Could Supervised Exercise Speed Up Concussion Recovery?
The earth is flat. Undoubtedly.
Bloodletting is the best way to rid a patient of an infection. Without question.
Sports Related Concussions (SRCs) are best treated with copious amounts of stillness and rest in a dark room. Absolutely.
But is that really the best course of treatment to treat the whole person and return them to a healthy life, in which they can accomplish daily activities and eventually return to their sport?
Changing Things Up... a Little Bit
Just like the earth being flat and blood-letting being the best course of action for treating ailments, we’ve since learned new truths that seem to contradict the other “absolutes” previously believed.
Before we get started, let’s say this clearly: follow your doctor’s guidance. Immediate rest is still imperative. When an athlete experiences an SRC, the brain has been jostled within the cranium. Rest is important in allowing the brain to recover.
But it turns out, exercise can also benefit the recovery process. Joint replacement surgeries once required complete immobility for weeks as the body healed. Now patients are often up walking or moving the affected knee within hours of surgery. Similarly, patients who have experienced a concussion may improve faster and more completely with the addition of exercise.
When Can I Start Working Out Again?
Traditional treatment methods usually restricted patients from any kind of exercise for weeks or even months, often until all symptoms had been resolved. New studies have shown repeatedly that excessive rest may exacerbate, worsen, and prolong the duration of symptoms, as reported by Michael Popovich, M.D., M.P.H., a sports neurologist at Michigan NeuroSport.
While all medical professionals agree there should be at least 24-48 hours of rest for both the physical and mental aspects of recovery, the time to return to activity is different for each person and each concussion.
Just as staying sedentary too long may be detrimental, returning to exercise too soon or working out too intensely may also hinder recovery and even lead to additional injuries or concussions. Finding the happy balance for each injury is critical.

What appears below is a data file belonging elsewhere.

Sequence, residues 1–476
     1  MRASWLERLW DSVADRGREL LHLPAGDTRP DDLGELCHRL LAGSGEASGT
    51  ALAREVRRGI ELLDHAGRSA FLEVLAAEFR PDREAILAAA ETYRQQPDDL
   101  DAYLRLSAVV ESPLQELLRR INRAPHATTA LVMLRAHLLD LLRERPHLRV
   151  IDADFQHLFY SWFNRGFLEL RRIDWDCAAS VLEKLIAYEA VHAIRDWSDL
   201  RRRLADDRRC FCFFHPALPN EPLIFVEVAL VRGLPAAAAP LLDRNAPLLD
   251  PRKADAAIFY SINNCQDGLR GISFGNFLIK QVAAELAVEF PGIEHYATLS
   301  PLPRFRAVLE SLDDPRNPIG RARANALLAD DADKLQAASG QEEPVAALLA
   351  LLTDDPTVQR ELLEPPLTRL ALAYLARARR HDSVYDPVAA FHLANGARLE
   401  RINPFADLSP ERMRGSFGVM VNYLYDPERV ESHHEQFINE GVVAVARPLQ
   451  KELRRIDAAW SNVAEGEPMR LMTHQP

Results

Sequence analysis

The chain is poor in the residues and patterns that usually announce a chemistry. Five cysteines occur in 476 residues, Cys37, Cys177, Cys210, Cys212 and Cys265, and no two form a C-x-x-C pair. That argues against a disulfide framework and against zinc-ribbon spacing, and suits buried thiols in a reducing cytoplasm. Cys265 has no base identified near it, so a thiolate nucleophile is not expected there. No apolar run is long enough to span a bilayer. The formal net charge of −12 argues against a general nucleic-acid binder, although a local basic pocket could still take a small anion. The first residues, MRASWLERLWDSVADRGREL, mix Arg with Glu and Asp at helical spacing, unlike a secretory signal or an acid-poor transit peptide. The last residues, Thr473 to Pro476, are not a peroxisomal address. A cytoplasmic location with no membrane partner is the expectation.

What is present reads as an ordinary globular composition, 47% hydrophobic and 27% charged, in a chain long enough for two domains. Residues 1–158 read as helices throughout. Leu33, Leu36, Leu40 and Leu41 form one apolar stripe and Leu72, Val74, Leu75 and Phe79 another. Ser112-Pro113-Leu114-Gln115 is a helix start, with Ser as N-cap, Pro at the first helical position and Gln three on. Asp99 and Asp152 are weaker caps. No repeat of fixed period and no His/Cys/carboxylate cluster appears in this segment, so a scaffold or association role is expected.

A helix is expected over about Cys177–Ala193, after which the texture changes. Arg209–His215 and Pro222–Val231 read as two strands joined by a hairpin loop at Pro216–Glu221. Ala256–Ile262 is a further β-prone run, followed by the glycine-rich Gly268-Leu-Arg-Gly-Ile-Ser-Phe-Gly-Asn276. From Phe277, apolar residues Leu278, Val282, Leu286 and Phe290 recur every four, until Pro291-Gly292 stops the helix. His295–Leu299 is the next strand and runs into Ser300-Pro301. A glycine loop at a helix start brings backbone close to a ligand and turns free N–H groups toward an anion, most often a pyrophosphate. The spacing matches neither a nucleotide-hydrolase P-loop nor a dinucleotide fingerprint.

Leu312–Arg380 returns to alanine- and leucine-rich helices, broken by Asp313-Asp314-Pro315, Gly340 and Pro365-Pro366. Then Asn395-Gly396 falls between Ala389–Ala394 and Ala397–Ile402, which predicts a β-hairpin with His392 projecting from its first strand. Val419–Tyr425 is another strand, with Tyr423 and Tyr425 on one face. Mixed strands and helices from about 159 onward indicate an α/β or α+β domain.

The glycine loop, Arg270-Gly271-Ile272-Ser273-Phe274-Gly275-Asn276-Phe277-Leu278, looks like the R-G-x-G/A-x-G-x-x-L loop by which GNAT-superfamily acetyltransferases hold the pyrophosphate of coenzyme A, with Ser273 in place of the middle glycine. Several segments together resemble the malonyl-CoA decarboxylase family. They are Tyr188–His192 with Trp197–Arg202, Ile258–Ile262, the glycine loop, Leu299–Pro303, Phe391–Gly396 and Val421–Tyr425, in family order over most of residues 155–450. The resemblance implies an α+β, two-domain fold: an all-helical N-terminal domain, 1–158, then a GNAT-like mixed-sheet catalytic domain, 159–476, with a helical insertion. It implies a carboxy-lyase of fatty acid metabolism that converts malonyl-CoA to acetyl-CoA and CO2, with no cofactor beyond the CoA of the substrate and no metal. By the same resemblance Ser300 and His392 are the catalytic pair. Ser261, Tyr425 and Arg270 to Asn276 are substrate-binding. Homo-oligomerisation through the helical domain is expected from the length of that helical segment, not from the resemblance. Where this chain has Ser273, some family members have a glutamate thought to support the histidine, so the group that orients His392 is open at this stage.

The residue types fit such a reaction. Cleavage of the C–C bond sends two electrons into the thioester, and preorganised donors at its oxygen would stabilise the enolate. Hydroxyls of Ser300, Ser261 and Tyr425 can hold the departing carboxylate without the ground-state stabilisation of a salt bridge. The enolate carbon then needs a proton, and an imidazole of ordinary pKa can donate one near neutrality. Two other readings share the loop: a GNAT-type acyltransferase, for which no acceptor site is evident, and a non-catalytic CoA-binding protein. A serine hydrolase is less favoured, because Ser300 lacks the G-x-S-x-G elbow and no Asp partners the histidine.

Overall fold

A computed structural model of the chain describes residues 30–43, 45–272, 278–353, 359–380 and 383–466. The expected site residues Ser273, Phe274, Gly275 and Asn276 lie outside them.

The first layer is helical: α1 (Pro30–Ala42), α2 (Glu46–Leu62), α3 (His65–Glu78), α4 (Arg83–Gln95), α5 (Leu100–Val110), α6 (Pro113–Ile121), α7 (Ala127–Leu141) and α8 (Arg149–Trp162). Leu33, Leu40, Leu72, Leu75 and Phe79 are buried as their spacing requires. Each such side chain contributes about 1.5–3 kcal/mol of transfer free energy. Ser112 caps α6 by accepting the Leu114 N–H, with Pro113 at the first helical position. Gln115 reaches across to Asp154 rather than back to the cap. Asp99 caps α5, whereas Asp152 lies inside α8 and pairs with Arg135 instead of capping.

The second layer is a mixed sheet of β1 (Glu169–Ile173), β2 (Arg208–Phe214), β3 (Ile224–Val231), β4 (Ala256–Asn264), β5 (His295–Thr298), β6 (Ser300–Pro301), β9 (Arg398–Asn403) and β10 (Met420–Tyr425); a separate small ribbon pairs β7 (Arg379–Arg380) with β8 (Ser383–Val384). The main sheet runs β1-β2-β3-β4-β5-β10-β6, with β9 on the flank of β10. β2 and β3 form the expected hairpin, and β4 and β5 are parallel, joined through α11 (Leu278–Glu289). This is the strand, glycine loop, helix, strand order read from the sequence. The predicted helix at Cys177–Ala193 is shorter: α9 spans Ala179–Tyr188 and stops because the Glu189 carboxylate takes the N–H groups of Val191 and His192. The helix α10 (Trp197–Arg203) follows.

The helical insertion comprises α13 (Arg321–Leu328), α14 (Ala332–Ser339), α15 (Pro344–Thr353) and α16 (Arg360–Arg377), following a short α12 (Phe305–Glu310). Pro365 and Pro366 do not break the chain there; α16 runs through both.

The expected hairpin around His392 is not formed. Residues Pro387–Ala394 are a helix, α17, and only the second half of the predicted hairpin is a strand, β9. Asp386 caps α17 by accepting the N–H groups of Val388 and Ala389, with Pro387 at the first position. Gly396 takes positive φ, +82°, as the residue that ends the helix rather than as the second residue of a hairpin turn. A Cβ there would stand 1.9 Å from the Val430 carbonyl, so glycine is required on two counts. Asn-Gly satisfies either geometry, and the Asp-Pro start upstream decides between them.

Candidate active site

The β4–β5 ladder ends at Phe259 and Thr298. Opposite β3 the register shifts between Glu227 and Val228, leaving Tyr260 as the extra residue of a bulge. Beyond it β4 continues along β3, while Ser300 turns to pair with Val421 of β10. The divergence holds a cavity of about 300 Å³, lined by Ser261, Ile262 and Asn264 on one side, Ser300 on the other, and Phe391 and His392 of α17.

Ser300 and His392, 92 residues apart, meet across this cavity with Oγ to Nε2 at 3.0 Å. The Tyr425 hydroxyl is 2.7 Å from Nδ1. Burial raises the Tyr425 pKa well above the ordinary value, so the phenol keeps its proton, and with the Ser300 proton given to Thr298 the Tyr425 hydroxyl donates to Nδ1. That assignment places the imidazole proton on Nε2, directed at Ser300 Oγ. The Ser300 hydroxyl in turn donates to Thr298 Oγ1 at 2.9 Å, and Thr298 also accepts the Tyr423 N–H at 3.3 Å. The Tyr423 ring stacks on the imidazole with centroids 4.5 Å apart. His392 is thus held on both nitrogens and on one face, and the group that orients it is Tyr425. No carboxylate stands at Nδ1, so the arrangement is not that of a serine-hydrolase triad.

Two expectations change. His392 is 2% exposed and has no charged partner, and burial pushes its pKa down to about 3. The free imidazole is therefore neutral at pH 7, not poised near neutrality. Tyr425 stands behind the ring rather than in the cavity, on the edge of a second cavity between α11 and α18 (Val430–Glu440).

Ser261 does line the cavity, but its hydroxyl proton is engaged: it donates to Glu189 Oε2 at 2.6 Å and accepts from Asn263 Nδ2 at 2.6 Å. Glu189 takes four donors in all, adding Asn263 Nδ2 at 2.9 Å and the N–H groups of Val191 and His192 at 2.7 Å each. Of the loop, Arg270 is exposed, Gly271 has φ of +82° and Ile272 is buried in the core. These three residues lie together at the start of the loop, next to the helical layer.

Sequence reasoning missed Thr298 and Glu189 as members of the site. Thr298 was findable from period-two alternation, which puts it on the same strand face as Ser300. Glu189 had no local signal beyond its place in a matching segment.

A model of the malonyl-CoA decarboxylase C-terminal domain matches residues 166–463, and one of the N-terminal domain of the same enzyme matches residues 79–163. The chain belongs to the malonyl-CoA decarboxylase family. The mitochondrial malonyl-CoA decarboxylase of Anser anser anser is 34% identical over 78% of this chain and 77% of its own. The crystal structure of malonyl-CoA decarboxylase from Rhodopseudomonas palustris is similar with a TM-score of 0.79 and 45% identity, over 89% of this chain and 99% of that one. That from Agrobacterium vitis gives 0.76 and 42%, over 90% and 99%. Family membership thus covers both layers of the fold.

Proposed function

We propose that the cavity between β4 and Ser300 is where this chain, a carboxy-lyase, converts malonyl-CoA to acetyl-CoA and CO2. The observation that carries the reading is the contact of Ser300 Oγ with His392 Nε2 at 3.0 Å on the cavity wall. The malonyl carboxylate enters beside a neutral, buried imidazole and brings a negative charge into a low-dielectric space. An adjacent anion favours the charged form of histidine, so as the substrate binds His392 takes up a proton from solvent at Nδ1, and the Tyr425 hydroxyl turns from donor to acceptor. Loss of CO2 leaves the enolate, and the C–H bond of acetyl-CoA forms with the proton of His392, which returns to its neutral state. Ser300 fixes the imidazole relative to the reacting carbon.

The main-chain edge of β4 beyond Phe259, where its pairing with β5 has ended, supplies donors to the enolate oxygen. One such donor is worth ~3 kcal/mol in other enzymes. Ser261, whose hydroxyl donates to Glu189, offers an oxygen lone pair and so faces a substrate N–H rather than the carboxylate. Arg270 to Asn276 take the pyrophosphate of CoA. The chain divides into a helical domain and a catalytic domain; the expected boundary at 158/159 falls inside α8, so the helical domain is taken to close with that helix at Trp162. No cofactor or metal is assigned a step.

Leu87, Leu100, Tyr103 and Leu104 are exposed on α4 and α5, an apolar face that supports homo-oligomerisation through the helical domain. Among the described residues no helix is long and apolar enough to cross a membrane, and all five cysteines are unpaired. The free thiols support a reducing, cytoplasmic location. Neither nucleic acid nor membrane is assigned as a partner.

That being said, athletes who began supervised exercise programs earlier, even while still symptomatic, returned to their respective sports at an average of 26.5 days, as opposed to athletes who were told only to rest (35.1 days).
What Kind of Exercises Help Concussions?
The short answer is, “the supervised kind.” Do NOT attempt to exercise or return to a regimen or activity without the supervision and direction of your healthcare provider. Having supervision is paramount to recovery and not reinjuring or aggravating the injury. When you first begin exercising, your provider will likely start you on non-jarring exercises that require little head, neck, and body movement, such as:
- Stationary bike
- Elliptical machines
As you progress, you will continue to add and increase the duration and intensity of exercises, including resuming activities of daily living. The key to knowing when to move to the next phase, (i.e. agility, speed, sport-specific drills) is that the exercise is not provoking the symptoms of the concussion.
How Will Exercising Improve Concussion Recovery?
Dr. Popovich notes that there are physiological and mental benefits in addition to speeding up the timeline of the concussion recovery and return to daily and athletic activity:
- Increased synaptic plasticity. Neuroplasticity is key to learning and memory functions.
- Increase in production of brain-derived neurotrophic factors. This protein is manufactured in the brain and promotes nerve cell survival.
- Increased cortical connectivity. This relates to the firing pattern of the neurons and the way the brain responds to stimuli.
- Improved mood. Many athletes get a great deal of self-identity from the sport in which they participate. Having their performance suddenly taken away – plus losing the ability to do some basic daily tasks independently – often leads to psychological challenges, including depression and sadness. Allowing athletes to resume even mild exercise may improve mood and increase willingness to recover.
- Improved sleep. As previously noted, rest is still a very important part of recovering from a concussion. Excessive stillness, nausea, neck strain, headaches and dizziness may make deep, recuperative sleep harder to achieve. Improved sleep also contributes to improved cognition. Managed exercise may reduce some of the other symptoms that contribute to poor sleep.
Learn More About the Potential Benefits of Exercise on Concussions
Mild to moderate supervised exercises may relieve symptoms of sports-related concussions, as well as reduce the length of time you experience symptoms and are out of commission from your sport. If you have questions or want more information about recovery, please don’t hesitate to call us at 888-549-5519 or use the online chat feature.